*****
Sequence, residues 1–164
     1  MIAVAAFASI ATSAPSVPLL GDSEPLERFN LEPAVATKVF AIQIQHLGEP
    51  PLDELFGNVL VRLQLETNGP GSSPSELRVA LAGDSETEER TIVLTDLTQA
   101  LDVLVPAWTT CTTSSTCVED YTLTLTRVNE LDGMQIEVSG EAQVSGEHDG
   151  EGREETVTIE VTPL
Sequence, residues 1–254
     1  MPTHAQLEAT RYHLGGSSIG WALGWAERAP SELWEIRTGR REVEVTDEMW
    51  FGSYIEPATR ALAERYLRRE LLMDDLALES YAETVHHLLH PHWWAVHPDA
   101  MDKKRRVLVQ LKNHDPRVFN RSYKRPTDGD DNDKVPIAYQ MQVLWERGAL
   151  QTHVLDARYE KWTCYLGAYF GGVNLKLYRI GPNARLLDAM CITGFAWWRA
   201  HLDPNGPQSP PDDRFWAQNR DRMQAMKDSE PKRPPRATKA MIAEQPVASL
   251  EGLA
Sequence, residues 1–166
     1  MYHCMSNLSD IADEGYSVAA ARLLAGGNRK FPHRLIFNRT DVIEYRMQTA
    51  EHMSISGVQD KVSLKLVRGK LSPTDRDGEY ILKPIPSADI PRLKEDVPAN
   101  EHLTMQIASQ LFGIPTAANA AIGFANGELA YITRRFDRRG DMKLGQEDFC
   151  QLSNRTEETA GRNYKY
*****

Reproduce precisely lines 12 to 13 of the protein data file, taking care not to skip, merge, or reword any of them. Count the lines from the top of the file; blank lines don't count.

   251  EGLA
Sequence, residues 1–166